From the Times Newsweekly:
Fearing that she might again be facing a bout with lung cancer, Anne Maitrano-Hernandez and her husband began pulling up the carpet of Summerfield Street home on the advice of her doctor, who suggested that they remove anything that could be carcinogenic.
Elevated mercury levels were found in the soil of the garden in front of the cottage previously occupied by Anne Maitrano-Hernandez and her husband. Elevated mercury levels were found in the soil of the garden in front of the cottage previously occupied by Anne Maitrano-Hernandez and her husband. But when they pulled up the rug in their dining room, they found another potentially serious problem: a broken mercury thermometer sandwiched between the floorboards. To this day, Maitrano-Hernandez has no idea how it got there.
She and her husband first moved into the small cottage they rented from Ernest and Georgeta Deitel on Summerfield Street near Myrtle Avenue in 1997. The building cannot be seen from the sidewalk, as it is located behind a two-family home and a garage.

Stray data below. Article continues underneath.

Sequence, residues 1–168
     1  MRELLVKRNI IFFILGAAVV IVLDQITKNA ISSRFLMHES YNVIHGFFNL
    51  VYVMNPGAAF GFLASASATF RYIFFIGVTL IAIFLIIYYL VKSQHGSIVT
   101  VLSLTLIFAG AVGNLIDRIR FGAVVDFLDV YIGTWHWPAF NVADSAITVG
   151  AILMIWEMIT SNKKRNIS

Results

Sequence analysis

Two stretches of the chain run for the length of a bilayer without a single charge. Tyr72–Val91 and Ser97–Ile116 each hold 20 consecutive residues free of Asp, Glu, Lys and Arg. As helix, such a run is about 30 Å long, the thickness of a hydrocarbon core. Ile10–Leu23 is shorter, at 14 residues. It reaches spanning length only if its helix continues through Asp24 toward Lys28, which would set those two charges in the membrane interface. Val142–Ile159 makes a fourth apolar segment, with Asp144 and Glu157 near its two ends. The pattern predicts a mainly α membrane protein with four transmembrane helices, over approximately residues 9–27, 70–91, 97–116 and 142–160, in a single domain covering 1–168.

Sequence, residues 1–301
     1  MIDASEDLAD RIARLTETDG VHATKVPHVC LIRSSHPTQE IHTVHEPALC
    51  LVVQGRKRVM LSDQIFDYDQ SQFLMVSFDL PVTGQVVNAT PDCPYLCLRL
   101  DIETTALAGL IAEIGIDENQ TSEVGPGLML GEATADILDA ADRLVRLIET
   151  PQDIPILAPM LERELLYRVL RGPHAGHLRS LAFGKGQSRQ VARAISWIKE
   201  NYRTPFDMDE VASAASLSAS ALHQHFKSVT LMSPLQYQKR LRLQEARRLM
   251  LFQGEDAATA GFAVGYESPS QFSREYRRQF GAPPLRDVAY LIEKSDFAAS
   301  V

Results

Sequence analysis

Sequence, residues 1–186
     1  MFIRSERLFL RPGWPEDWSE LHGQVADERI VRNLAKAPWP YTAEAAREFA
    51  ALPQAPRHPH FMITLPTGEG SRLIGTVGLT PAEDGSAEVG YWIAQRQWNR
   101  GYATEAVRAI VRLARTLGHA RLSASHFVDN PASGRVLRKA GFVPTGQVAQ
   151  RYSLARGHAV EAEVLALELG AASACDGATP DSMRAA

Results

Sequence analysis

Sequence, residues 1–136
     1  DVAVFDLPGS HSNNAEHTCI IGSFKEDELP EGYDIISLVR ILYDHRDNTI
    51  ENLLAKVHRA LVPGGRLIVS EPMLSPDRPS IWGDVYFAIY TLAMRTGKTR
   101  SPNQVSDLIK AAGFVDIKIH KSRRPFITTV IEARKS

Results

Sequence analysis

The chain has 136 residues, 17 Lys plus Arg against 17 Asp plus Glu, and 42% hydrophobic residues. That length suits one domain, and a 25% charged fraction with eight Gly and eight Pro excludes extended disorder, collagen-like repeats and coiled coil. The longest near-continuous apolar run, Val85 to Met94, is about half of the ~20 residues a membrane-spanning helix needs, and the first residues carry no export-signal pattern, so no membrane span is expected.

Upon moving in, Maitrano-Hernandez told the Times Newsweekly, she heard from neighbors that the site was once used as a factory and, later, a dance hall; there were rumors that thermometers were once made on site, but there was no known evidence on public record to confirm that as its former use.
In recent years, Maitrano-Hernandez developed a host of health problems, and her husband developed unexplained tremors. Sensing a possible connection between their home and illnesses, Maitrano-Hernandez called the Department of Health in June to conduct an inspection for mercury contamination.
The results were startling, as the DOH report obtained by the Times Newsweekly showed that levels of mercury well above federal safety levels were found through the residence, prompting the agency to take action.
After advising her and her husband to leave the premises, in July, the DOH served her landlord with a order to clear the premises within five days and to have a licensed environmental professional conduct further testing on site and abate the contamination.